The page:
I’ve been thinking about how we offer feedback to writers. Partly because I’ve been sharing my work with a group of fellow writers, for the first time in a long time. And also because I recently received an email from a lovely reader of this blog named Stephanie. It began like this:
Hi Patricia… I can’t tell you what an amazing impact your Writer’s
Workshop book has had on my life and the kids in it! Three years ago
you gave me some encouragement to get started, and I have been very
successfully offering Writer’s Workshops in my area.
She’s been offering workshops for three years! Stephanie was kind enough–with a little nudging from me–to share some of the feedback she’s received from parents and kids about her workshops. You can read it in her comment here. Some of the words thrown around: exciting confident fun thriving creative. Yes! This was just the sort of feedback I got from kids and parents when I offered workshops. I can still see those kids in my family room, squeezed together on the couch, sprawled across the carpet, their faces trained on the writer sitting before them, expectant. I see them clapping and encouraging and I see the face of writer in the author’s chair beaming back at them. I see–I really do–the beaming faces of all the kids who participated in our workshops, dozens over the years. Those faces are why I wanted to write my book. So more kids might feel encouraged and excited to write. Workshops offer big results from minimal effort on the facilitator’s part. It’s always been hard for me to talk about them without using the word magical.
(That’s Mr. T in the photo, almost five years ago–sigh–reading during one of our end-of-year workshop celebrations.)
Stephanie also had a question. In her workshops she’s been focusing on positive feedback, which is what I recommend in my book. Yet, she says, some kids in her workshop feel ready for more constructive feedback–or what I like to call “building” feedback–and she wonders how to go about it.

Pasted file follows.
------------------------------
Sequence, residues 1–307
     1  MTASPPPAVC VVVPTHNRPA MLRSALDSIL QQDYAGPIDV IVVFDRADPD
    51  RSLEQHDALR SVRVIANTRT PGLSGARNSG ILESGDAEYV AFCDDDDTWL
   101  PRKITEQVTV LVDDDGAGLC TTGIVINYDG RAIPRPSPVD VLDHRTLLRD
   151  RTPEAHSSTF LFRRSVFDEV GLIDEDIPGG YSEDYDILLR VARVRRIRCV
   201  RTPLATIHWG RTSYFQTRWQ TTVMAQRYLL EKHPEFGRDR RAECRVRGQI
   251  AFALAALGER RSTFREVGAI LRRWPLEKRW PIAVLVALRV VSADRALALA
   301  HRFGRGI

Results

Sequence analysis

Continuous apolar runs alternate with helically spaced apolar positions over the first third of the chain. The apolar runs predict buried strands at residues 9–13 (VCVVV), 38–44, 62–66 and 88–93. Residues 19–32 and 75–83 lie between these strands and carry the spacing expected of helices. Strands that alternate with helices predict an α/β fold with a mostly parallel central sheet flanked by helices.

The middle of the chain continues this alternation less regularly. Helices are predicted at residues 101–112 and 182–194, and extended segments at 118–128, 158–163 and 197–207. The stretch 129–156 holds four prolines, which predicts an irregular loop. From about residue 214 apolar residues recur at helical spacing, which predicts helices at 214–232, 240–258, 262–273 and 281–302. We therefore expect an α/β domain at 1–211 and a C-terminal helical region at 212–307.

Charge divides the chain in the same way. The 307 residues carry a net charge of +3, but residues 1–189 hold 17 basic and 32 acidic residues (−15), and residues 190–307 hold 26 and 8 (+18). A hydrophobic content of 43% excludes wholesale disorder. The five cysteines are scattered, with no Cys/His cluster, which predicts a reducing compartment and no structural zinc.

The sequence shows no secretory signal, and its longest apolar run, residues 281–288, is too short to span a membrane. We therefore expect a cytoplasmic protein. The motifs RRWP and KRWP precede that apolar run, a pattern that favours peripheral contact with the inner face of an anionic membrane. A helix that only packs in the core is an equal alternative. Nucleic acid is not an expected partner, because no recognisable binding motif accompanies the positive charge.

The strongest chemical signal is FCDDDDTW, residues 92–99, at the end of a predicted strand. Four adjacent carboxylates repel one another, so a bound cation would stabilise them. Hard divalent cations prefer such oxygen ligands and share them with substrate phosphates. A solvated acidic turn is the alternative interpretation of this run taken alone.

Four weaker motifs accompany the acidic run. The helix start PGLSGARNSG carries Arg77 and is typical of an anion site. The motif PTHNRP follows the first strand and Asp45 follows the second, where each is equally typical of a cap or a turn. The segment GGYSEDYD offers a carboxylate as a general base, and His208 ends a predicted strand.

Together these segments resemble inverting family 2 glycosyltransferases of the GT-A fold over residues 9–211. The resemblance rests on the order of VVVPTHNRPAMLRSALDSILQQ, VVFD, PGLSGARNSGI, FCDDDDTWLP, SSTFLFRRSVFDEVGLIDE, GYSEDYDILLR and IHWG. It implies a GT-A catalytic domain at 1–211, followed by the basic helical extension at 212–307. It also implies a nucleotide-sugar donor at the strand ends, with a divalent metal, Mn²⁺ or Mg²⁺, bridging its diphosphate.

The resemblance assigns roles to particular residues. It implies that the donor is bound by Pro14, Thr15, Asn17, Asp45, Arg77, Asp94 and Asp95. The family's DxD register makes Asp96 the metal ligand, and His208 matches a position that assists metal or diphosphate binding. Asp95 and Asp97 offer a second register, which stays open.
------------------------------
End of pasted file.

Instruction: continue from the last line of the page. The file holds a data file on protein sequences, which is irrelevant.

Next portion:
It’s a good question, and I’ve been thinking about it. It’s a good question because it applies not just to writer’s workshops, but also to parents working with their kids on writing.
And to adult writers working with fellow writers.
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A few weeks back, the cohort of writers from my yearlong program did an online reading of what we’ve been working on. There they were: a grid of faces on Zoom, now familiar and growing ever more dear, showing up from different parts of the country, from different time zones. We each read for about ten minutes, and then offered brief feedback.
I read a few sections on my chapter about the dreaded s-word question. (Any homeschooler knows what that means: socialization.) They listened, faces trained on me. Attentive. Kind.
I’m using an unusual format for this chapter. After reading my passage, my fellow writers had lots of positive feedback, which was, of course, encouraging. A few of them also wondered about the format, and if I might modify it a bit.
I thought about the suggestion. These are smart, insightful readers who offer spot-on feedback and are thoughtful in doing so. Still, my gut is telling me to keep pushing the form as I have it. My readers didn’t hear the piece in whole, and they didn’t see it on the page. My gut says that pushing the form is the point of this chapter–and that I should try to make it work as I have it.
Here’s why I’m telling you this: When it comes to my writing, I’ve learned to trust my intuition. I know when to take a smart reader’s thoughtful advice, and when to stick with my vision. And I think writers can only hone that sort of intuition if they’ve shared their work carefully and not been beaten down by readers who go overboard with constructive feedback.
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If we want kids to develop that sort of intuition with their writing, we need to proceed with the same sort of care. Which is why I have a whole chapter on the benefits of positive feedback in my book. I also wrote a post for young writers on offering feedback for the (now defunct) Spilling Ink blog, which you can read here.
And a post for parents on the importance of positive feedback, and how to offer it on your kids’ writing here.
If your kids want something more than positive feedback on their writing, I wrote a long post for parents on offering building feedback here. The key point again: proceed with care.
* * *
So, back to Stephanie and her group. They’ve been working together for a while, and want to make building feedback a bigger part of their workshops.
My advice to a group is much like the advice I offer parents above. A few thoughts: